That report—shared with me by an NBC news insider—gives an excruciatingly painful assessment of the channel and its programming. … [T]he harshest criticism was leveled at Donahue, whom the authors of the study described as “a tired, left-wing liberal out of touch with the current marketplace.” The study went on to claim that Donahue presented a “difficult public face for NBC in a time of war. . . . He seems to delight in presenting guests who are anti-war, anti-Bush and skeptical of the administration’s motives.” The report went on to outline a possible nightmare scenario where the show becomes “a home for the liberal antiwar agenda at the same time that our competitors are waving the flag at every opportunity.”
When the WMD hoax and other Bush White House lies about Iraq and 9/11 (that the media nearly unanimously passed on uncritically) became known to everyone, MSNBC could have proudly pointed to Donahue as evidence of their network’s uniqueness and courageous pursuit of the truth. MSNBC chose not to take this chance because their executives were more afraid of being seen as insufficiently red, white, and blue than they were eager to be honored for doing accurate reportage—in other words, doing the jobs most people think journalists are supposed to do.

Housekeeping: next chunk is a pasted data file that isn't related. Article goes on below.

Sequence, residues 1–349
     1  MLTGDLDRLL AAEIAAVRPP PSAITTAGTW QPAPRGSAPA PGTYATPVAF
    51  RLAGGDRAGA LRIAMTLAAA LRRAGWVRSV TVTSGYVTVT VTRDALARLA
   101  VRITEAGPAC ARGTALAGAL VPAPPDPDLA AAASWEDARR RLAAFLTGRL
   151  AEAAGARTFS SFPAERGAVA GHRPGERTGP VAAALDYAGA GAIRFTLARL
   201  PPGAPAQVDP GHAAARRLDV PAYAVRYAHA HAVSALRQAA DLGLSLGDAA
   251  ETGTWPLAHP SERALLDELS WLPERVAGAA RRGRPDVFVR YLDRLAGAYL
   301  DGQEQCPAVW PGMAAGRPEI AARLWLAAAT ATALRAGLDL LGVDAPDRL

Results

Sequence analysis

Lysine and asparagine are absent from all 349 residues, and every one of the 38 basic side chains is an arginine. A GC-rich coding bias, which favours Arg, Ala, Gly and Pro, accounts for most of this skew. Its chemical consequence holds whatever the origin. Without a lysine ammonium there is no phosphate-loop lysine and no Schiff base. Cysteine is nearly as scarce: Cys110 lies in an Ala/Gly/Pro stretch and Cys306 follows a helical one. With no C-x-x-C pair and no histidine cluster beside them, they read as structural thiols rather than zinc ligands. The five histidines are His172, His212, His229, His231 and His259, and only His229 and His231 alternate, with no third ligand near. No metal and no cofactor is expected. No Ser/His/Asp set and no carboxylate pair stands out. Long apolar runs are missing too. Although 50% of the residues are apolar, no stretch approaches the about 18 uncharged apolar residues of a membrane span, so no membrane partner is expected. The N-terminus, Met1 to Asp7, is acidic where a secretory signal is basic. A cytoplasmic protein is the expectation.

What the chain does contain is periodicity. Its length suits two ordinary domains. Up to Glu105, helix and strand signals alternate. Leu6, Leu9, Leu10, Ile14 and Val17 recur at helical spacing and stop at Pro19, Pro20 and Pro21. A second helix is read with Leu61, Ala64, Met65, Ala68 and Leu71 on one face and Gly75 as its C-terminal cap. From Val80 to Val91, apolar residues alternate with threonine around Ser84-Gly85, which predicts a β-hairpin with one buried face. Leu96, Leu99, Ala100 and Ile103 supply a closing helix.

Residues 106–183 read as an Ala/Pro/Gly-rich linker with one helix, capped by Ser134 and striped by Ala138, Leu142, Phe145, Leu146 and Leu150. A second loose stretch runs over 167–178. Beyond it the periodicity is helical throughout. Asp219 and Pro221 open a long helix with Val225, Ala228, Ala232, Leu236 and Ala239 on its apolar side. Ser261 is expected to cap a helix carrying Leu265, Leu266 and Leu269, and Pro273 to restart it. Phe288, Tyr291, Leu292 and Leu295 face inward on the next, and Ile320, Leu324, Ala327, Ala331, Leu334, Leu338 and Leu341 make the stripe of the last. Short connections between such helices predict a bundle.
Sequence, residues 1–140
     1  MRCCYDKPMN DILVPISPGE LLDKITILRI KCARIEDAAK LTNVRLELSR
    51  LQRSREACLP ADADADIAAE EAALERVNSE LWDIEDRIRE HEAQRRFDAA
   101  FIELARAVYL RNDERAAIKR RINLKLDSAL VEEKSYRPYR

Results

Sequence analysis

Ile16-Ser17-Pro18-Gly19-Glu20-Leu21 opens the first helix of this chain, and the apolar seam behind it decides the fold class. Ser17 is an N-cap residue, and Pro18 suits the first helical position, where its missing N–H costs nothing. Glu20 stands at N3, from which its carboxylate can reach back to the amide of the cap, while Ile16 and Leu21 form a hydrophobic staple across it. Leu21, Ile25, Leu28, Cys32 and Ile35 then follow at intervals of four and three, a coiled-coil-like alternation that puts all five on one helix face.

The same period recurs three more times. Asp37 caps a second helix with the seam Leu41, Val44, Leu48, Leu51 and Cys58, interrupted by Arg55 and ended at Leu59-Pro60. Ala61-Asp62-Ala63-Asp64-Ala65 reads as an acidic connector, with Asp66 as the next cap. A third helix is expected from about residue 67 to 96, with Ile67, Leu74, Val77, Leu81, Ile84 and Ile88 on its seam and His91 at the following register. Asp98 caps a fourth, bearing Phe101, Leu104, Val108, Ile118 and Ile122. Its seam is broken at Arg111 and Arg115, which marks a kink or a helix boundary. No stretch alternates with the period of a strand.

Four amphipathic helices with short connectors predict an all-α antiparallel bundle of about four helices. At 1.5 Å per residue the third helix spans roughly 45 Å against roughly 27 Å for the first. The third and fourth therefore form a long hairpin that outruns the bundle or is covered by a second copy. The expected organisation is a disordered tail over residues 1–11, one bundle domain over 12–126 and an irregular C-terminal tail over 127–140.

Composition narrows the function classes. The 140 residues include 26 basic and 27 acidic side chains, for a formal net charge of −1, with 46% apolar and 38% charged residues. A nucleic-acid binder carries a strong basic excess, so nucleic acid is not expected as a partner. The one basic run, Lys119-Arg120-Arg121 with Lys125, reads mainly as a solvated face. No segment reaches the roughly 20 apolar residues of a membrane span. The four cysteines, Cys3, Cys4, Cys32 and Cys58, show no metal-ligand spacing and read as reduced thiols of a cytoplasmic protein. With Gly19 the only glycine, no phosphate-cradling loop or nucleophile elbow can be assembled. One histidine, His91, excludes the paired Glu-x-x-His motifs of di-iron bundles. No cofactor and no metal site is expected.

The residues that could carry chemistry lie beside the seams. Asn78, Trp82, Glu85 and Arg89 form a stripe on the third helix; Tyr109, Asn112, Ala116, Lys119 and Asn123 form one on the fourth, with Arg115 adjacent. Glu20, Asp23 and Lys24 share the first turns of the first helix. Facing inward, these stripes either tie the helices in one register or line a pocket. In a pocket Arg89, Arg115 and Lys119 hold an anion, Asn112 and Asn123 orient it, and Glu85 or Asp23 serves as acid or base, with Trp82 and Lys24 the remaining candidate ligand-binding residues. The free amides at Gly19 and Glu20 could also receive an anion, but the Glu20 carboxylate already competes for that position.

Donahue, interviewed in October 2003, after being fired, told Fox’s
SEAN HANNITY (co-host). What happened at MSNBC ?
DONAHUE . Well, we were the only antiwar voice that had a show, and that, I think, made them very nervous. I mean, from the top down, they were just terrified. We had to have two conservatives on for every liberal. I was counted as two liberals.
Politics and ideology, in other words, frame and affect corporate decisions.
They make up a crucial part of corporations’ bottom lines. Money in the narrow sense is not, in other words, corporations’ only concern. The notion that media are only interested in profits does not take this critical factor into consideration.[*]
In the last few pages of Globalization and the Demolition of Society I briefly and in a concentrated way address the question of this article: How Can I Figure Out What’s True? What follows draws from and expands further upon those pages.
Objective truth and perception are related; if you are not aware of what is true, then your ability to shape events is profoundly compromised by your ignorance of the truth. Truth is not, however, something that is unchanging in nature. The leaders of the US Empire like to believe, for example, that their high tech wizardry makes them invincible, that their military might means that they are unbeatable. In a direct confrontation between military forces it is true that the US would win. But that is not the nature of the ongoing wars in Afghanistan and Iraq.